A Journal of Bone and Mineral Research published joint study by researchers at Wake Forest Baptist Medical Center, Keck School of Medicine at the University of Southern California (USC) and the Cancer Prevention Institute of California studied 783 African American men and the effects of calcium intake, genetics and diet-gene interactions. Researchers targeted a genetic allele that is more common in men of African ancestry. This genetic allele targeted in the study is linked to regulating calcium absorption. The study is one of very few scientific studies to investigate specifically men of African ancestry, genes related to calcium absorption, diet and prostate cancer risk.
The study found that African American men who had high calcium intake were twice as likely to have localized and advanced prostate cancer when compared to study participants who reported low calcium intake. African American men in the study who were found to have a genotype associated with poor calcium absorption were 59 percent less likely to be diagnosed with advanced prostate cancer then men who genetically were very efficient absorbers of calcium.
Men of African ancestry may benefit from genetic allele testing to determine whether their genetics have them programmed to be very good absorbers of calcium. High dairy calcium intake and absorption is linked to a higher prostate cancer risk. Dietary dairy calcium intake may be a modifiable risk factor for prostate cancer; therefore, limiting dairy calcium intake may effectively reduce prostate cancer risk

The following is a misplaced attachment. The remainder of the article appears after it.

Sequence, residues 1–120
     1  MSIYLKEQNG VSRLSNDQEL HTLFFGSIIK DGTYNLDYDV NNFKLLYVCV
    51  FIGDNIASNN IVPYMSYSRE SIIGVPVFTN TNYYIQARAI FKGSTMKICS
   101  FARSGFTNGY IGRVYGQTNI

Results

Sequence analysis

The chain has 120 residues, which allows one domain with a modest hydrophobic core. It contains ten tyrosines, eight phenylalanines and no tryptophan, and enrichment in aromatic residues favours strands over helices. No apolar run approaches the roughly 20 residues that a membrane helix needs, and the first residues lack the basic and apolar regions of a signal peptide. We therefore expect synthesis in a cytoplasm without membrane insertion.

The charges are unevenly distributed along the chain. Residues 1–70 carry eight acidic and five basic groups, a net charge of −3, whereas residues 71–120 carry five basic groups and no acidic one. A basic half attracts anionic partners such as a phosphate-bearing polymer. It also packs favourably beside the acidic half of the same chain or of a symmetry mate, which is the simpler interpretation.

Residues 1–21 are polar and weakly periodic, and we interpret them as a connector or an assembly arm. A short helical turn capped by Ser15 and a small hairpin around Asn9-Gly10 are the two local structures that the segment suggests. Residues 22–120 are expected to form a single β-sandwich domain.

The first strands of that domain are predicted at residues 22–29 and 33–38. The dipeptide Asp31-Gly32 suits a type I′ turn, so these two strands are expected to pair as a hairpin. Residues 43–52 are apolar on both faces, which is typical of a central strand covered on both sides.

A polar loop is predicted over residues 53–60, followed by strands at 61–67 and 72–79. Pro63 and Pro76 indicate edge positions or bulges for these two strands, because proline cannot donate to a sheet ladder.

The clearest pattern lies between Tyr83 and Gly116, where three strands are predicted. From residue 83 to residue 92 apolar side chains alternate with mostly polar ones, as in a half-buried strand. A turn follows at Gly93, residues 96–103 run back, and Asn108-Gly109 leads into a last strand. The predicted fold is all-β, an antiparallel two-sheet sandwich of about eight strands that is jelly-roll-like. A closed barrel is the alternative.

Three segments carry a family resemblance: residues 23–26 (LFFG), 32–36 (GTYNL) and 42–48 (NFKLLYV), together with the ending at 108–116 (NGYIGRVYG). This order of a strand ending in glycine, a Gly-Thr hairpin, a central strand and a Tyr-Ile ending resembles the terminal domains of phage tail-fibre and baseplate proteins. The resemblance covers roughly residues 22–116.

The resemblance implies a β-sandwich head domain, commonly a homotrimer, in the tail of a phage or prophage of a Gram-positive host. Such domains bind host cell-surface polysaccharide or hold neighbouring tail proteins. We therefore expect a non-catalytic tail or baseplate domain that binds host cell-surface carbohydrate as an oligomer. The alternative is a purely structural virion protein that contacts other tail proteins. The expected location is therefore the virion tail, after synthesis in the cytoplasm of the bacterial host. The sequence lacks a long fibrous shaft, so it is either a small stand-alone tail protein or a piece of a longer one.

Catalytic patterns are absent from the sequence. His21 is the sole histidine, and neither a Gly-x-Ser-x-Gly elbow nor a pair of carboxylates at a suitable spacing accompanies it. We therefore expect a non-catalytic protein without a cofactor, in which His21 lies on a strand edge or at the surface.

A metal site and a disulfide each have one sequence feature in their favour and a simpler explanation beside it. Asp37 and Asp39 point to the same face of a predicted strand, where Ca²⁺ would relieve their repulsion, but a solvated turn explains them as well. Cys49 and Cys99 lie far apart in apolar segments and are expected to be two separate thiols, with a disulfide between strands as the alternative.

Dairy calcium high intake appears to increase the risk for prostate cancer, particularly for many men of African descent. Calcium, however, plays an important role in bone and teeth health, has a role in blood clotting, helps maintain a healthy weight, transports nutrients, balances acid/alkaline balance in the body, helps muscles contract, regulates nerve functions, regulates normal heart rhythms and it has a protective role against colorectal cancer. Non-dairy calcium does not have an associated increased risk for prostate cancer. Healthy plant based alternatives to dairy milk include almond, soy, oat, cashew and other non-dairy milks.
Men with high risk factors for prostate cancer such as advancing age, African ancestry, strong family prostate cancer history, having breast cancer (BRCA) gene mutations, and obesity; should limit consumption of dairy milk so as to reduce potential prostate cancer risk. Non-dairy calcium alternatives and vitamin D supplementation should be taken as they do not increase prostate cancer risk.
The best ways to lower your risk for prostate cancer are to maintain a normal body weight, exercise regularly, encourage more of a plant based diet and eat well balanced meals with reduced red meat, saturated fats and dairy milk intake. It is important to note that men with high dairy milk intake are not guaranteed to develop prostate cancer. Reducing dairy calcium intake may be a modifiable risk factor that can potentially lower the risk of prostate cancer, particularly for African ancestry men who possess the genetic predisposition to be very good calcium absorbers.
• Dr. Greggory Pinto is a board-certified Bahamian urologist and laparoscopic surgeon. He is available for consultation at Family Medicine Center.
Published in The Tribune: Tuesday, August 16, 2022